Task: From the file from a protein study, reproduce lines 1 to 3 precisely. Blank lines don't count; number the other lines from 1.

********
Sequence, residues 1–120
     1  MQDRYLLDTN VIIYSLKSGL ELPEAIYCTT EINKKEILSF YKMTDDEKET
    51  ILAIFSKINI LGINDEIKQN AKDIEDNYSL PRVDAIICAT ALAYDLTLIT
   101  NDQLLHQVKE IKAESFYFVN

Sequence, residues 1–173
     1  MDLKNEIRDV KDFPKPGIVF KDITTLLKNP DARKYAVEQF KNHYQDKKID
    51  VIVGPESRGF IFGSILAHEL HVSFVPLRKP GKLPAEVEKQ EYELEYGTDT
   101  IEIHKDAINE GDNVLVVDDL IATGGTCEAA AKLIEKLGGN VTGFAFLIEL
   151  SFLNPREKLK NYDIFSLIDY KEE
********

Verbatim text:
Sequence, residues 1–120
     1  MQDRYLLDTN VIIYSLKSGL ELPEAIYCTT EINKKEILSF YKMTDDEKET
    51  ILAIFSKINI LGINDEIKQN AKDIEDNYSL PRVDAIICAT ALAYDLTLIT